As West became more involved in the cooking and menu selection at Jeff’s, he began to have ideas about shaping the social aspect of the restaurant, for example, suggesting live jazz on Friday nights. Bessett and Iwaskiewicz, who now own As the Crow Flies kitchen shop right across the street, told him they liked his ideas, and he could do anything he wanted in the restaurant if he bought it. 

West rallied his family and raised the funds from them and the bank to buy Jeff’s. Nine months later, Jeff’s Maine Seafood became the West family’s business. West and his sister, Rebecca, and his brothers, Timmy and Peter, were the partners; the business entity was called Wild West Enterprises. 

Two and a half years ago, West and Rebecca bought out the other partners. With Rebecca as silent partner, West and his mother, Marie Anne West, run the business, he as restaurant manager, she as general financial manager. Timmy stops in to help out in a pinch. “And then we pinch him,” says Marie Anne with a twinkle in her eye.

photoThe catering side of the business has seen continued growth. Prep cook and catering chef Jody Gleim has worked at Jeff’s for 12 years.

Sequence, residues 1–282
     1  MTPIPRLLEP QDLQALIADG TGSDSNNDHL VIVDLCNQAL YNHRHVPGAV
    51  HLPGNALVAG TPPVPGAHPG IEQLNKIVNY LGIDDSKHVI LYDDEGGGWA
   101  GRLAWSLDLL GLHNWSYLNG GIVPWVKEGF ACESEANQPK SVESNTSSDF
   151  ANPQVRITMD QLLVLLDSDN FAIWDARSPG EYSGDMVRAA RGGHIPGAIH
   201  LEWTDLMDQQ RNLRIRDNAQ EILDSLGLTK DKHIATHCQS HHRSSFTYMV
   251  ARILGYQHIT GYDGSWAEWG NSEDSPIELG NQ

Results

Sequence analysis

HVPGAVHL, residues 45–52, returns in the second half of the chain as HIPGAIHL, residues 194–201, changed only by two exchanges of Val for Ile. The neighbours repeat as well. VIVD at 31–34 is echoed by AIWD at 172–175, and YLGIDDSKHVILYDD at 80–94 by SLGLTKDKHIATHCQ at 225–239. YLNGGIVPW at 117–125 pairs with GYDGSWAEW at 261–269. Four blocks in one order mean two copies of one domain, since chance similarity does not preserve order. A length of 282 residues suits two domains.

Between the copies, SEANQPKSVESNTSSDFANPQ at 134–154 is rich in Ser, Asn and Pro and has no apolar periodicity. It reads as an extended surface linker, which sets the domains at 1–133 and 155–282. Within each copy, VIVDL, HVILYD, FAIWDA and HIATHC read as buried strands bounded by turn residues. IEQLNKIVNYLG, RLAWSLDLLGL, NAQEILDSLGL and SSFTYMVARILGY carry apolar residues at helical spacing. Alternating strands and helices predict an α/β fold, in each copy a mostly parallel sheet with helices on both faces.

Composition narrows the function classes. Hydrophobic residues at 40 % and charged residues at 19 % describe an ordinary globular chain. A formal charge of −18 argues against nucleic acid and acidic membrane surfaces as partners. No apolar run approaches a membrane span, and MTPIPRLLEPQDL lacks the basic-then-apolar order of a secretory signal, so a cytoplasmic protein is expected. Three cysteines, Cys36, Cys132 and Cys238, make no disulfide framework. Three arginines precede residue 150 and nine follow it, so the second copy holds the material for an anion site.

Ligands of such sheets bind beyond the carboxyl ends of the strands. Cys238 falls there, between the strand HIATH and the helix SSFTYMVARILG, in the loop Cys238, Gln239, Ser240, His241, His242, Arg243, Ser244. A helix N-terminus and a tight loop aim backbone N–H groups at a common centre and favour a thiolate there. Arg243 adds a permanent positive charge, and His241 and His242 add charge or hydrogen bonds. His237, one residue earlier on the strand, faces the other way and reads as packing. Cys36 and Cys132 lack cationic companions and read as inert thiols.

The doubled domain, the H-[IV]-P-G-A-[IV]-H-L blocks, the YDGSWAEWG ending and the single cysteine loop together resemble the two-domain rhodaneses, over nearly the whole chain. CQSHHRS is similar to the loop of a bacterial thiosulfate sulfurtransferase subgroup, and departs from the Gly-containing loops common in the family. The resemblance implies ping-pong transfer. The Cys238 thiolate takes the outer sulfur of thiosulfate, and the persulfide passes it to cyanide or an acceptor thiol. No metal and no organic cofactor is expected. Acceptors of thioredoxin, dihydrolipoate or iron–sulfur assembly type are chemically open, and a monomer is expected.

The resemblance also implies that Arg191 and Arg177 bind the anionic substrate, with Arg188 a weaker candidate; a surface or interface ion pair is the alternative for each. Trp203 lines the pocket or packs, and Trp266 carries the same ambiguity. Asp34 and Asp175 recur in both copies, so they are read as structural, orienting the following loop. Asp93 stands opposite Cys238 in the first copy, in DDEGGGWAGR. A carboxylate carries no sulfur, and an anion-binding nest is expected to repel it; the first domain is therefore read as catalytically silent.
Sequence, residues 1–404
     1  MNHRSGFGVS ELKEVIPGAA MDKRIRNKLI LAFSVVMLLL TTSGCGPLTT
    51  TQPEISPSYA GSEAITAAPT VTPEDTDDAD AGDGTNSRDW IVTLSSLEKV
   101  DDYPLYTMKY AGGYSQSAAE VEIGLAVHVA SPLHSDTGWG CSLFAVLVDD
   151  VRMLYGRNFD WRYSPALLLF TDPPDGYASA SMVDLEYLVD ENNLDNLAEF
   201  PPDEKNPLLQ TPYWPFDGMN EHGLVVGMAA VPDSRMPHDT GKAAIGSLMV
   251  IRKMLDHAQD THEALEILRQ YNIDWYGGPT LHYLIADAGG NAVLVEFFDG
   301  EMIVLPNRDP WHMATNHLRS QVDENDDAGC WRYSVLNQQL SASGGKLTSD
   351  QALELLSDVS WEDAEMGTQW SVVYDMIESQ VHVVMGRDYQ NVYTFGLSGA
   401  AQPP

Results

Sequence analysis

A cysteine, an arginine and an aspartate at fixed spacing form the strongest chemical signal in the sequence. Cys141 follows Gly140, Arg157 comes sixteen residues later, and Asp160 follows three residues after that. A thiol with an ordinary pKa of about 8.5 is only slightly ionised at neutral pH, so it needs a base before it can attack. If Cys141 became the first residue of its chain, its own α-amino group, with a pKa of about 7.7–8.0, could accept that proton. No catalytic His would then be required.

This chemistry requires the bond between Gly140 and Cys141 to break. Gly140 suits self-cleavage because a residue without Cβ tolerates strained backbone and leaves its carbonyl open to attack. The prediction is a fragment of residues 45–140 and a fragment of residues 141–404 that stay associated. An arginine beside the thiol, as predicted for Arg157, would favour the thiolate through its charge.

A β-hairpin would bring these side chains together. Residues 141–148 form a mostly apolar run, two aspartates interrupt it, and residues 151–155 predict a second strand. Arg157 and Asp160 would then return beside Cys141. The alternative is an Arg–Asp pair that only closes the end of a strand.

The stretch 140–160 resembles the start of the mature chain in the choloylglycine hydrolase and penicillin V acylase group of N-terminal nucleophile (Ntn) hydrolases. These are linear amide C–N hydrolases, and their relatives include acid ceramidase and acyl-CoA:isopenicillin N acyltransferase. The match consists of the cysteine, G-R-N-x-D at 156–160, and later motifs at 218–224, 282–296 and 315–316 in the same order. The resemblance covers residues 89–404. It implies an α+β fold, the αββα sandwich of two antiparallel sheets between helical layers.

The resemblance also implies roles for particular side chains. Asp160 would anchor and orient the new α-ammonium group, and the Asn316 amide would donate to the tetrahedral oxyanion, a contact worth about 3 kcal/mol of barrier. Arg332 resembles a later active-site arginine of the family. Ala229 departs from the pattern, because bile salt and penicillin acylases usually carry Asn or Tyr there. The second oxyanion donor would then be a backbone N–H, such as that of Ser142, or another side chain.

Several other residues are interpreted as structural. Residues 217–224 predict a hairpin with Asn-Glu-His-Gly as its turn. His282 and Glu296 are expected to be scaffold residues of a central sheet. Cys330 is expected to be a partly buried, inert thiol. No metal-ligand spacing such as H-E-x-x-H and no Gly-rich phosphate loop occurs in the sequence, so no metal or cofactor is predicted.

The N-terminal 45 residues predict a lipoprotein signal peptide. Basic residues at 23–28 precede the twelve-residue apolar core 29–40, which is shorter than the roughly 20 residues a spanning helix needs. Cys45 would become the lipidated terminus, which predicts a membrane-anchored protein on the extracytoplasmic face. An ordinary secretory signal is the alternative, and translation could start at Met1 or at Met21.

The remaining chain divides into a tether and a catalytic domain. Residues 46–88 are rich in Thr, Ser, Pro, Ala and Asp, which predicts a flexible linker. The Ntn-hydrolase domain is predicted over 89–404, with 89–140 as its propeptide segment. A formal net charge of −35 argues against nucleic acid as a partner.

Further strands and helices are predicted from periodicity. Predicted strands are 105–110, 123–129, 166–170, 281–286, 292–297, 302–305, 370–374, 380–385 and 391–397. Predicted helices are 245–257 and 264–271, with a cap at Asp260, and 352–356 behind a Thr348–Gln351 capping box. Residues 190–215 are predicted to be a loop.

From the beginning, West envisioned developing a fine-dining atmosphere with an emphasis on locally sourced ingredients. “This is hard to do and certainly more expensive,” he says, “which is why a lot of people don’t do it. But if you really establish relationships with local people, you can do it.” 

He offers examples. Three staff members grow vegetables; his father picks about 80 quarts of wild blackberries each summer; there is a selection of regional cheeses; Boyden Valley beef is used; and in the winter, Lake Champlain perch is on the menu. 

What they can’t buy locally, they buy from Lindsay Ryan of Burlington Foodservice Co., who considers herself part of the family. Like the rest of the staff, customers, suppliers, and Marie Anne’s seven children, Ryan calls Marie Anne “Mama West.” Ryan stops in at least once a week to take orders, and more important, she says, to visit.